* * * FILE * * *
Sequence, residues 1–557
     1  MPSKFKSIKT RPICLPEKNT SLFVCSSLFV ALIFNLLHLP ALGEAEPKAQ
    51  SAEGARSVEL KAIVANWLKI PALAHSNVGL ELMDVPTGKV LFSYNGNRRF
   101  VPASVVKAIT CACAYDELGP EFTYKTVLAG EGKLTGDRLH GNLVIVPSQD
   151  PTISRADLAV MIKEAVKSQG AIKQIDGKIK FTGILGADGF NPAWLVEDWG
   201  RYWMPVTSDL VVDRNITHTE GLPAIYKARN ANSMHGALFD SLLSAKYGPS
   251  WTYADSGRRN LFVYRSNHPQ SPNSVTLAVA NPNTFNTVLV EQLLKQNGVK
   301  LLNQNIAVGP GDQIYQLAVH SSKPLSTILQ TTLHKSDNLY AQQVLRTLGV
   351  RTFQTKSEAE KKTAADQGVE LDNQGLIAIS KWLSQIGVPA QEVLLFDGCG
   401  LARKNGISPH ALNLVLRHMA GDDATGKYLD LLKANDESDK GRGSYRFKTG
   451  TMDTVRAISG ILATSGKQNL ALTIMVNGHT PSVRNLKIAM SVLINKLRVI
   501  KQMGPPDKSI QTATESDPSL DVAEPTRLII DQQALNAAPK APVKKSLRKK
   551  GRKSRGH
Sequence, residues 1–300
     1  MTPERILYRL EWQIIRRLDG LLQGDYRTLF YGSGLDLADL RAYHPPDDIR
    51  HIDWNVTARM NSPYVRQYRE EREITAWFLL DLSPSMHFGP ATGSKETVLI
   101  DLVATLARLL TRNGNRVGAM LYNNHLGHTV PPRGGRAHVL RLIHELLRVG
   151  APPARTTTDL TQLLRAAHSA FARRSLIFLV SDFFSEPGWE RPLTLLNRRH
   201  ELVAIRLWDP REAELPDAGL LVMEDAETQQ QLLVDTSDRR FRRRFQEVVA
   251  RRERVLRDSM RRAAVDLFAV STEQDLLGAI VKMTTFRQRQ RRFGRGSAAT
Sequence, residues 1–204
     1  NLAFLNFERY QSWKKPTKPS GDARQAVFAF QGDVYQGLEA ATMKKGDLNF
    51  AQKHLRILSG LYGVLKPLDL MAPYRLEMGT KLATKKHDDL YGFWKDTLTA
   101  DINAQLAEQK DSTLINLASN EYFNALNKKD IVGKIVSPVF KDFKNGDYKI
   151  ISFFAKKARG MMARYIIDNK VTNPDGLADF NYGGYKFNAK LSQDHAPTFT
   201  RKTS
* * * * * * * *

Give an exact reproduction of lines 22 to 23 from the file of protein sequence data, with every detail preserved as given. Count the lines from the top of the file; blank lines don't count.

     1  NLAFLNFERY QSWKKPTKPS GDARQAVFAF QGDVYQGLEA ATMKKGDLNF
    51  AQKHLRILSG LYGVLKPLDL MAPYRLEMGT KLATKKHDDL YGFWKDTLTA